By Karyn Spory, Mt. Pleasant News
While police officers, firefighters and emergency medical personnel are recognized as the first responders to many crisis situations, Henry County Health Center wants to make sure citizens are prepared to be immediate responders.
On Saturday, March 31, HCHC held three Stop The Bleed training sessions throughout the afternoon to teach civilians how to save a life by ?stopping the bleeding.?
Lacey Harlan-Ralls, emergency department director at HCHC, said in the event of a mass shooting, it can take time before first responders are able to get to victims and administer aid. ?When police arrive on the scene, their first priority is to neutralize the threat,? she said. And even though EMTs may be on the scene, the site has to be secured before medical professionals are allowed in to help victims. ?They want to help (the victims),? Harlan-Ralls said of the police officers and EMTs, ?but they have to make sure the scene is safe before more people are allowed in.?
In these instances, it?s up to those around the shooting victim to save their lives. ?I truly believe the only thing worse than a death is a death that could have been prevented,? Harlan-Ralls said of shooting victims that bleed out before first responders can get to them.
Everyone who attended the training sessions received a Stop The Bleed kit and were instructed on how to use each component. Each kit has two pairs of latex-free gloves, two rolls of gauze dressing, a C-A-T tourniquet, an emergency bandage, one pair of trauma shears and a permanent marker.
The first thing to remember in an emergency situation, Harlan-Ralls told the classroom, is their ABCs.
(A)lert ? In the event of an emergency, alert authorities either by calling 911, pulling a fire alarm or any other means necessary.
(B)leeding ? In the event of an emergency, first find out who is bleeding. Once the victim has been identified the source of their bleeding must be determined.
(C)ompress ? Once the source of the bleeding is found, it can?t just be covered, the wound must be packed and direct pressure must be put on it.
Before administering aid to others, Harlan-Ralls said it?s important to take your own safety into account. ?Your safety should be your first priority,? Harlan-Ralls told the class. ?We don?t want you to become a victim.?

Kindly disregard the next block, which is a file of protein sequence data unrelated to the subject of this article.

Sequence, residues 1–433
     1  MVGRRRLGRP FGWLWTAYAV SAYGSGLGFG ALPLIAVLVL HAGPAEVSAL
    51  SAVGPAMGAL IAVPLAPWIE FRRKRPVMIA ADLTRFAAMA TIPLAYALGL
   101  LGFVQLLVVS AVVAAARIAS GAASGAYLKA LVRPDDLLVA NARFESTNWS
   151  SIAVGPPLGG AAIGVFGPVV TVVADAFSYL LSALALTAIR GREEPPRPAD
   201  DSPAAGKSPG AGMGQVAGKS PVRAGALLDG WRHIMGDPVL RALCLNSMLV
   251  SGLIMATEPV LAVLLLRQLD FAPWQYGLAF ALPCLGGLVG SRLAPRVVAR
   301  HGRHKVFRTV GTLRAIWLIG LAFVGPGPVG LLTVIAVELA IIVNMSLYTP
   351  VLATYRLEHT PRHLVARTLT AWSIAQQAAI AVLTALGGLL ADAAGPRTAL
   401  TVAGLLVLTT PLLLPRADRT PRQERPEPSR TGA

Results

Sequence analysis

During the class, citizens received a hands on lesson on how to pack a wound. In the back of the Danny Eversmeyer Training Center Jacob Dodds, EMS operations coordinator/training specialist, had two training dummies legs, marred with various sized wounds, for guests to practice on.
Dodds instructed the guests to grab a spool of gauze and start stuffing it into the wound. ?You?ll be surprised how much it takes,? he said.
For the bullet wound Dodds was working on, it took two gauze rolls to fully pack the wound. But he wasn?t done yet. Dodds took a bandage, a long tan wrap that looked similar to an ace bandage, and wrapped it around the leg as tightly as possible. Then he placed his hands over the wound and pressed down.
While working on the wound, Dodds reiterated to the class that Iowa has good Samaritan laws, which allow civilians to perform aid without the fear of retribution if something were to go wrong.
Marion Conner and Janet Russell, both with EMT experience, attended the first session.
?This is something they should have done a long time ago,? Connor said of the Stop The Bleed initiative. Connor said the class gave him a more thorough and more efficient knowledge of wound packing techniques.
Russell said she had never worked much with tourniquets and was glad that part of the training session focused on that tool.
Dodds said his hope is to make Stop The Bleed training as prevalent as CPR training. Dodds added that the kits are not simply for mass shootings, but can also be used in the event of a farm or motor vehicle accident.
?We just want to raise awareness and get more people trained so they can help out in a critical situation.?
For more information on the Stop The Bleed campaign or to schedule a training session for an organization, call HCHC at 319-385-3141 and ask to speak to Harlan-Ralls or Dodds.